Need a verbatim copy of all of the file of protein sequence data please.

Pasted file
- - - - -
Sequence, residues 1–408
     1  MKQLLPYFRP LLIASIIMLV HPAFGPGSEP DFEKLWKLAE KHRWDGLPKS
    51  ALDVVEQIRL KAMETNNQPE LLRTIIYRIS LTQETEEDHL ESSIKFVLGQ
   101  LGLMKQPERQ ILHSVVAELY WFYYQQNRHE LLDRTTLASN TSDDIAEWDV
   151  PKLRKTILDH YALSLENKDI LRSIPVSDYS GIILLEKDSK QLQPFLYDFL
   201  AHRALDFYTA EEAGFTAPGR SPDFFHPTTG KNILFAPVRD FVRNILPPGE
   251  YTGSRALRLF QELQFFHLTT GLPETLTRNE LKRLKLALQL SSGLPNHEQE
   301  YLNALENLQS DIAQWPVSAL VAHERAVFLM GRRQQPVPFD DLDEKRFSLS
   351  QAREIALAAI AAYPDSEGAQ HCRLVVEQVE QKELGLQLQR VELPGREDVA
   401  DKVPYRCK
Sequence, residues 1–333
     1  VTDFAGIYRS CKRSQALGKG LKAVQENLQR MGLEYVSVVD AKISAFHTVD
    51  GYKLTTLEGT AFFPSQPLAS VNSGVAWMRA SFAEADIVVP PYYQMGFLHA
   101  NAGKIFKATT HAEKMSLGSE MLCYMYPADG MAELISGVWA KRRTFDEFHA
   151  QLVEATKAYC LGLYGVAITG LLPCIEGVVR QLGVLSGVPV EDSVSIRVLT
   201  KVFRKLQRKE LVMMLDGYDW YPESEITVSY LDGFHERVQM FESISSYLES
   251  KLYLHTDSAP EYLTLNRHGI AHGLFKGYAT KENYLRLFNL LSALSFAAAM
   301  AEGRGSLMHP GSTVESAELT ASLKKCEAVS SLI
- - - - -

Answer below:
Sequence, residues 1–408
     1  MKQLLPYFRP LLIASIIMLV HPAFGPGSEP DFEKLWKLAE KHRWDGLPKS
    51  ALDVVEQIRL KAMETNNQPE LLRTIIYRIS LTQETEEDHL ESSIKFVLGQ
   101  LGLMKQPERQ ILHSVVAELY WFYYQQNRHE LLDRTTLASN TSDDIAEWDV
   151  PKLRKTILDH YALSLENKDI LRSIPVSDYS GIILLEKDSK QLQPFLYDFL
   201  AHRALDFYTA EEAGFTAPGR SPDFFHPTTG KNILFAPVRD FVRNILPPGE
   251  YTGSRALRLF QELQFFHLTT GLPETLTRNE LKRLKLALQL SSGLPNHEQE
   301  YLNALENLQS DIAQWPVSAL VAHERAVFLM GRRQQPVPFD DLDEKRFSLS
   351  QAREIALAAI AAYPDSEGAQ HCRLVVEQVE QKELGLQLQR VELPGREDVA
   401  DKVPYRCK
Sequence, residues 1–333
     1  VTDFAGIYRS CKRSQALGKG LKAVQENLQR MGLEYVSVVD AKISAFHTVD
    51  GYKLTTLEGT AFFPSQPLAS VNSGVAWMRA SFAEADIVVP PYYQMGFLHA
   101  NAGKIFKATT HAEKMSLGSE MLCYMYPADG MAELISGVWA KRRTFDEFHA
   151  QLVEATKAYC LGLYGVAITG LLPCIEGVVR QLGVLSGVPV EDSVSIRVLT
   201  KVFRKLQRKE LVMMLDGYDW YPESEITVSY LDGFHERVQM FESISSYLES
   251  KLYLHTDSAP EYLTLNRHGI AHGLFKGYAT KENYLRLFNL LSALSFAAAM
   301  AEGRGSLMHP GSTVESAELT ASLKKCEAVS SLI